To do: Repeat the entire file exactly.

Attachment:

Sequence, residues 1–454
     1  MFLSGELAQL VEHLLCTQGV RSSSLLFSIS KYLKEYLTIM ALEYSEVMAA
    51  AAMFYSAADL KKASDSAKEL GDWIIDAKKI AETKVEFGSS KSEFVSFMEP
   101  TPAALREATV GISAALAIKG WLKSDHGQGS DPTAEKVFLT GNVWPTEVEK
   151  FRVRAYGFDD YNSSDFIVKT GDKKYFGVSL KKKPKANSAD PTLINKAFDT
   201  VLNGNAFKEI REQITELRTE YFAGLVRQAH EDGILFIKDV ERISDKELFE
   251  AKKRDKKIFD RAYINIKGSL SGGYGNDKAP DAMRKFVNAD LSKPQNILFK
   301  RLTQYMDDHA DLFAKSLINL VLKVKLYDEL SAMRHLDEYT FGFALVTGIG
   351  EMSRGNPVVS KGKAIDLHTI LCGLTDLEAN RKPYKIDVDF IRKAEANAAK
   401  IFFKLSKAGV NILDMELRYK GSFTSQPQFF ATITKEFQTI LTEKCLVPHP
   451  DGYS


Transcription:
Sequence, residues 1–454
     1  MFLSGELAQL VEHLLCTQGV RSSSLLFSIS KYLKEYLTIM ALEYSEVMAA
    51  AAMFYSAADL KKASDSAKEL GDWIIDAKKI AETKVEFGSS KSEFVSFMEP
   101  TPAALREATV GISAALAIKG WLKSDHGQGS DPTAEKVFLT GNVWPTEVEK
   151  FRVRAYGFDD YNSSDFIVKT GDKKYFGVSL KKKPKANSAD PTLINKAFDT
   201  VLNGNAFKEI REQITELRTE YFAGLVRQAH EDGILFIKDV ERISDKELFE
   251  AKKRDKKIFD RAYINIKGSL SGGYGNDKAP DAMRKFVNAD LSKPQNILFK
   301  RLTQYMDDHA DLFAKSLINL VLKVKLYDEL SAMRHLDEYT FGFALVTGIG
   351  EMSRGNPVVS KGKAIDLHTI LCGLTDLEAN RKPYKIDVDF IRKAEANAAK
   401  IFFKLSKAGV NILDMELRYK GSFTSQPQFF ATITKEFQTI LTEKCLVPHP
   451  DGYS